Like taking a time machine back to the ‘70s, Nothin’ to Lose is a wild and no holds barred look at the rise of KISS.
In Nothin’ to Lose you witness first-hand the extraordinary transformation of four struggling musicians from New York City overcoming almost insurmountable odds to become worldwide superstars. This is the definitive account of KISS’s early years.
The KISS boys will go down in history for their indefatigable work ethic, spirit, and insatiable appetite for all things honest-to-God outrageous rock ‘n’ roll. KISS is the real deal and this book is the real story of the American rock ‘n’ roll dream.
If you thought you knew everything there was to know about KISS . . . well, you’d be wrong. . . Buy this book or just KISS off!
Even casual fans will be enthralled.
Nothin’ to Lose is an electrifying look at a band that changed the course of rock and roll history by sticking to their guns and blazing their own trail of heavy metal thunder. I couldn’t put it down. Two thumbs up!
Rises above the standard cookie-cutter anecdotes... [for] a unique look at the origins of one of the greatest rock bands of all time. Anyone who wants to know what it was like to make it in rock ‘n’ roll in the seventies will need to pick this up.
Told with complete accuracy and attention to detail... Mandatory reading for every new artist. This is a masterpiece!
A joyous and mesmerizing exploration of the early history of the ‘Hottest Band in the World’... This book is addictive. You won’t be able to put it down!
From KISS’s earliest days playing crummy bars in front of 50 people to headlining arenas, Nothin’ to Lose is a gripping look at the underbelly of rock ‘n’ roll. And as one of the members of KISS’s original road crew, I should know, I was there.
The ultimate KISS book. . . Nothin’ to Lose gives the insider’s perspective any KISS fan must have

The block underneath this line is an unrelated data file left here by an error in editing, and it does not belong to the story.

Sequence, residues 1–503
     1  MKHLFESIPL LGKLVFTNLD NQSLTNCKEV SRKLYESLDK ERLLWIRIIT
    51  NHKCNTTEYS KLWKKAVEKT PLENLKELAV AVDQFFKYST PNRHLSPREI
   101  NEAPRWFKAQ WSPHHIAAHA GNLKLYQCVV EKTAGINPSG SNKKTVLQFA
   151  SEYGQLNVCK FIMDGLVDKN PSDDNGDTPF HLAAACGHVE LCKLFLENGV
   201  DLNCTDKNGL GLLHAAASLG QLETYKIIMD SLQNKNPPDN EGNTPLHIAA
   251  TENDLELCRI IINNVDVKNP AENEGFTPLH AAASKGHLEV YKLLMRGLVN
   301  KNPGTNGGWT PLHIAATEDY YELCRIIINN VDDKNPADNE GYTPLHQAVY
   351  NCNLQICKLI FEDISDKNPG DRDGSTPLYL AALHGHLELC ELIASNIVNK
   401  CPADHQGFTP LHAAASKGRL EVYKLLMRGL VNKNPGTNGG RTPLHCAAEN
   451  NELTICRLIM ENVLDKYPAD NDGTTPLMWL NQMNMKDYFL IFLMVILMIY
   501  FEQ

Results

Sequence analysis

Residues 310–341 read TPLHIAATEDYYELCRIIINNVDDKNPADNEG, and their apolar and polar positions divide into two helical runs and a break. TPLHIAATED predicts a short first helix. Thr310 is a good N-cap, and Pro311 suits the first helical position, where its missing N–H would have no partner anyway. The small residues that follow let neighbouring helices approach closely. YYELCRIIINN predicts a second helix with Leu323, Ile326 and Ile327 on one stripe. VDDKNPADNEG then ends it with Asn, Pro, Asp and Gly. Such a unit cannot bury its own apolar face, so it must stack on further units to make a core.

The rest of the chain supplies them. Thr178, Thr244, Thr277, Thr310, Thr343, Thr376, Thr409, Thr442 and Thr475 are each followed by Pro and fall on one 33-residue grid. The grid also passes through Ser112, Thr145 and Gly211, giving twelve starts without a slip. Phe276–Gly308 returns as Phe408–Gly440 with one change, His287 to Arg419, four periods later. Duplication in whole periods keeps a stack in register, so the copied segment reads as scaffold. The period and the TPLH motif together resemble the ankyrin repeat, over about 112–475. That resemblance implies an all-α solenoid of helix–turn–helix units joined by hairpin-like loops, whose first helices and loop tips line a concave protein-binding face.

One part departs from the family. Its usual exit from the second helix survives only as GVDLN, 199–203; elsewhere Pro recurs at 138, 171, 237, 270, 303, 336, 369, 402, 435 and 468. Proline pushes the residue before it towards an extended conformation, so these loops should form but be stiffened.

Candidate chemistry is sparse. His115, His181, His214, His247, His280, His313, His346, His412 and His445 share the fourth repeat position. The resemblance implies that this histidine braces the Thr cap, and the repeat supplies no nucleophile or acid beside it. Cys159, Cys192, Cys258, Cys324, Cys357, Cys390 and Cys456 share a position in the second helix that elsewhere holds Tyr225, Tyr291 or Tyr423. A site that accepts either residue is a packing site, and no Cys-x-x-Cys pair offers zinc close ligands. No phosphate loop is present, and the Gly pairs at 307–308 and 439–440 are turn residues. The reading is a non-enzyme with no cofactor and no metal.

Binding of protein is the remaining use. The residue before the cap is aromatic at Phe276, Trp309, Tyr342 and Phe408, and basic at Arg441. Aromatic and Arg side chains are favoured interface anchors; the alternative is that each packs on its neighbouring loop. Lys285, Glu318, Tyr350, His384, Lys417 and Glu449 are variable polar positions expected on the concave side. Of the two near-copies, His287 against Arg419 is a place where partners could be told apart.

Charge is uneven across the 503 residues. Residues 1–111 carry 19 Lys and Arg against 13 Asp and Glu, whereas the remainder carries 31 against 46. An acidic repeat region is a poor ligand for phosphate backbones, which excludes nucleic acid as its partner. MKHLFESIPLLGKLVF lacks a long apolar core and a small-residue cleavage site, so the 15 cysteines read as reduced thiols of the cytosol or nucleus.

Revel in the roar of the greasepaint and the smell of the crowd as they share it all, blow-by-blow, first hand.
A fascinating read about one of rock’s most outrageous bands.
I found the story of KISS’s fanatical determination, shockingly rare matter-of-fact common sense, raw luck, exquisite timing-not to mention the sheer brinksmanship of the whole lunatic enterprise-exhilarating and inspiring.
A vivid oral history of the early days of one of rock’s most outrageous and enduring bands, Nothin’ to Lose makes every reader an eyewitness to the dawn of Kiss. Here’s a book that screams out: C’mon and read me.
An incredibly vivid and gripping oral history that illustrates how Kiss went through a slow and steady transformation from a loft party band to the hottest concert attraction capable of blowing anybody and everybody off the stage.
In collaboration with Kiss members Paul Stanley and Gene Simmons, music writer Sharp has assembled a fascinating chronicle of the construction of a multimedia phenomenon. As rock music in the early-1970s fragmented, a hardworking band from Queens drew on the antics of the likes of Alice Cooper, Iggy Pop, and Slade to create a gargantuan, and deafening, theatrical spectacle, custom-made for big arenas and teenagers hungry for a guilt-free good time. Driven by faith in their destiny as megastars, and willing to hustle, Kiss created a particularly lurid version of the American Dream that won over the heartland. Sharp emphasizes the role their manager, TV producer Bill Aucoin, and Neil Bogart, the mercurial head of Casablanca Records, played in creatively marketing the band—including kissing contests and an appearance at a smalltown Michigan high school’s homecoming. With the band members’ platform shoes, pyrotechnics, and outlandish costumes, Kiss forged a template for the arena rock that followed, although few Kiss imitators have bass players with seven-inch tongues who spit fire. 150 b&w and 16-page color insert (Sept.)